House Appropriations Committee Approves FY2016 LHHS Funding Bill with $1.1 Billion NIH Increase
June 25, 2015
On June 24, the House Appropriations Committee approved by a vote of 30-21 along party lines the $153 billion Fiscal Year (FY) 2016 Labor, Health and Human Services, and Education (LHHS) appropriations bill, which had been marked up on June 17 by the House LHHS Appropriations Subcommittee. The bill is $3.7 billion below the FY2015 level and $14.6 billion below the Presidentís budget request.
The bill funds the National Institutes of Health (NIH) at $31.2 billion, an increase of $1.1 billion, or 3.6 percent, over FY 2015 and $100 million over the Presidentís budget request. The NEI would be funded at a level of $698.1 million, an increase of $13.9 million, or 2 percent, over its FY2015 appropriated level of $684.2 million and $21.3 M, or 3.1 percent, over its FY2015 operating net.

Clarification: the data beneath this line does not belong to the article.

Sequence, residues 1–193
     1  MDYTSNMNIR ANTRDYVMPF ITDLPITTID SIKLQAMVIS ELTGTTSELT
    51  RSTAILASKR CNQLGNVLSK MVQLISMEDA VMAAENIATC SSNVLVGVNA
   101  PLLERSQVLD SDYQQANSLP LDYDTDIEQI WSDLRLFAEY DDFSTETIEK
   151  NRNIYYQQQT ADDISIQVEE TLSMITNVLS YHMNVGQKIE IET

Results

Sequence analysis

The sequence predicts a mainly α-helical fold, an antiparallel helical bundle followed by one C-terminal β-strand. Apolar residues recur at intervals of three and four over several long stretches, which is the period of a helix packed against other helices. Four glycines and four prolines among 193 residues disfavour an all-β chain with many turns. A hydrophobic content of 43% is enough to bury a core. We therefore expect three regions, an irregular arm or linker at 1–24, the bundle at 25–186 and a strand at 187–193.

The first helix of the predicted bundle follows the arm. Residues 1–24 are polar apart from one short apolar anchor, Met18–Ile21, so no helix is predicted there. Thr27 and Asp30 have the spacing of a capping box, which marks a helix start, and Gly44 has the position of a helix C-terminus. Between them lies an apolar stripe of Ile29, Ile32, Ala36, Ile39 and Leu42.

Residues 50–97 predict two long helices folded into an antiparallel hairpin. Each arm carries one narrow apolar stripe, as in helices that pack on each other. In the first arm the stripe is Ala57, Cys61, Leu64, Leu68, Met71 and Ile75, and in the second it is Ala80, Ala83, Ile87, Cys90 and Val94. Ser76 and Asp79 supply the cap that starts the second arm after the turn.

The billís Report Language directs the NEI to create a challenge program to advance the speed of basic research to cure retinal disease by creating a forum for the NEI Director to survey the field of basic retina research discoveries to provide rewards for research not otherwise funded through NEI or other NIH-supported competitive awards. The Committee expects an update and timeline in the NEIís FY2017 budget request to describe how the program will be advertised, funding allocated, and criteria to evaluate submissions for possible challenge awards to further incentive non-NIH supported mechanisms. In Report Language associated with the Office of the Director, the Committee continues to encourage support for research activities to prevent and correct the health-related issues of Usher Syndrome. The Committee requests an update in NIHís FY2017 budget request on the planned and ongoing activities related to this syndrome, addressing the funding level and manner in which the various Institutes and Centers coordinate on common goals and objectives.
As at the June 17 Subcommittee markup, Ranking Member Rosa DeLauro (D-CT) stated that she could not support the bill-due to funding cuts to certain programs and the policy riders-and urged her colleagues from both sides of the aisle to develop a bipartisan agreement that would preclude funding cuts, as was done by Congress in late 2013 (the Murray-Ryan agreement) that funded Fiscal Years 2014 and 2015. Her concerns were echoed in statements by the Subcommitteeís Democratic members.